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The Wealth Advisor
Reconsider Outright Inheritances
How to Protect Your Heirs and Your Legacy from Bad Decisions and Outside Influences

Estate planning is an important and everlasting gift you can give your family. And setting up a smooth inheritance isn't as hard as you might think. - Suze Orman

After working diligently for decades to achieve your financial goals, you understandably want to preserve your gains and leave an enduring legacy to the next generation. For better or for worse, though, your heirs have free will. Even while you’re alive and very much capable of directly communicating with your children, favored charities and others, you might already be uncomfortably familiar with the limits of your influence.


As you contemplate the future, it’s easy to ponder disagreeable scenarios. What if your adult child squanders the business you leave her by getting involved with a dubious partner or burning through cash reserves and taking speculative risks? What if the non-profit that you co-founded mismanages the property that you leave it or runs afoul of legal requirements?

Your carefully outlined plans for passing money to the next generation can be derailed in many ways:


  • A widowed spouse remarries unwisely, or a child is in a troubled marriage  (especially problematic in WA, as a community property state);
  • An unanticipated or unforeseen tax consequence drains the estate;
  • A chronic illness or lengthy nursing home stay disrupts the plan; or

  • An aggressive creditor, fraud, financial mismanagement, or some other unforeseen act undoes your hard work and creates an issue for your family.

The good news is that you are not the first to deal with these potential issues. For centuries, people have wrestled with how to protect and exert control over the next generation. As a result, they and their advisors have developed quite a toolbox.

Staggered Distributions
When an outright distribution is not advisable, the next level is typically a trust through which inheritances are given to heirs upon reaching certain ages, such as one-third at age 21, one-third at age 28, and the remainder at age 35.  Additional creditor protection can be achieved by creating "withdrawal rights" upon reaching the designated age, rather than requiring the distribution.  However, there are times when it is preferable to give the Trustee more discretion by allowing the Trustee to adjust distributions based upon changing circumstances and behaviors.  This brings us to the discretionary lifetime trust.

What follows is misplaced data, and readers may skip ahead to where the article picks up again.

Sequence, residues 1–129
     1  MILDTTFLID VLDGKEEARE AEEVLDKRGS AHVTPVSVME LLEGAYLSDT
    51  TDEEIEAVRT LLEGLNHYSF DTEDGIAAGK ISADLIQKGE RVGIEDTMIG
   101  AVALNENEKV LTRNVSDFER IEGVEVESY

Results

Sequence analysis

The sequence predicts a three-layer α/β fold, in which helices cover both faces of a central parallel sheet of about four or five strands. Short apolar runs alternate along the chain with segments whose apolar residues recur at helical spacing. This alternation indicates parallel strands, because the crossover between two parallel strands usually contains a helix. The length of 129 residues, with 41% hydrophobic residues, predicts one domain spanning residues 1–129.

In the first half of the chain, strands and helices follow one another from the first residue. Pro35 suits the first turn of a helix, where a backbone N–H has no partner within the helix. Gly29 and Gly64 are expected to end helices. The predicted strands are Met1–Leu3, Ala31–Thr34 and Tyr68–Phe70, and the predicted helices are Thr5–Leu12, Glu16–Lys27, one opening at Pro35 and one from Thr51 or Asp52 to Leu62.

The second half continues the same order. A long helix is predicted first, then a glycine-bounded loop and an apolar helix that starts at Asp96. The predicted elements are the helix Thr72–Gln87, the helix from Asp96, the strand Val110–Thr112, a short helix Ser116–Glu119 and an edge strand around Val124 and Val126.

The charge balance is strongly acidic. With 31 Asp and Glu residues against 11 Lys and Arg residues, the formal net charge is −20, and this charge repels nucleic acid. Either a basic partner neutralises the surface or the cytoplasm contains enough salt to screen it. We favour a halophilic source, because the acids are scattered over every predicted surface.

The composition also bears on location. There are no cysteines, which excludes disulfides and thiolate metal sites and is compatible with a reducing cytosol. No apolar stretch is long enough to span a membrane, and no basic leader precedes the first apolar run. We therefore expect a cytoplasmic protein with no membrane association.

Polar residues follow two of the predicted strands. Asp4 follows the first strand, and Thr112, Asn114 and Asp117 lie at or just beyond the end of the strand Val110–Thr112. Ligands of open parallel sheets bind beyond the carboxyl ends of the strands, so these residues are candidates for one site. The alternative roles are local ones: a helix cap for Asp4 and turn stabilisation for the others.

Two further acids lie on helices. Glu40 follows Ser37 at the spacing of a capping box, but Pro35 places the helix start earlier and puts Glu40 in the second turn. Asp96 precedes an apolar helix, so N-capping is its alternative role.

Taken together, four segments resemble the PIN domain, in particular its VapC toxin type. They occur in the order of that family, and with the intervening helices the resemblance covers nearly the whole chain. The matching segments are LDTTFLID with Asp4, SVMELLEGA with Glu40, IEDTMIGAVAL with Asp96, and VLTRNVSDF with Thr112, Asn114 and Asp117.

Discretionary Trust

What is a discretionary trust?

Depending on how it is implemented for your circumstances, this type of trust lets you pass assets along to beneficiaries now or upon your death. As the name implies, you give the trustee discretion over how and when the beneficiaries may access trust assets. Certain uses of the money might be deemed acceptable, whereas other uses will be restricted.

For instance, if your daughter wants to go to medical school, or your son wants seed money to launch a business, then the money is available. However, if your child (or other beneficiary) veers off path or violates the terms and conditions you incorporate into the trust, then the assets are not available. You can also empower the Trustee to proactively help beneficiaries.  For example, if the Trustee notices that your child has become an alcoholic or gambler, the Trustee can deny distributions, and instead use trust funds for rehabilitation.  

The discretionary lifetime trust cordons off the inheritance making it difficult to break down the wall surrounding the property and assets in the trust. Of course, no wall is impenetrable, but this one can be made quite strong.  The Trustee has the power to go inside this wall, according to your explicit and pre-determined wishes, and access the funds. But others are generally kept at bay.

There are other benefits with this type of more aggressive trust, ranging from estate and income tax planning to proactively passing along financial values.

Please give us a call if you would like to explore how we can help you and your family.
Sound Estate Planning, PLLC • 152 3rd Ave. South, Ste. 107 • Edmonds, WA 98020 • (425) 967-7287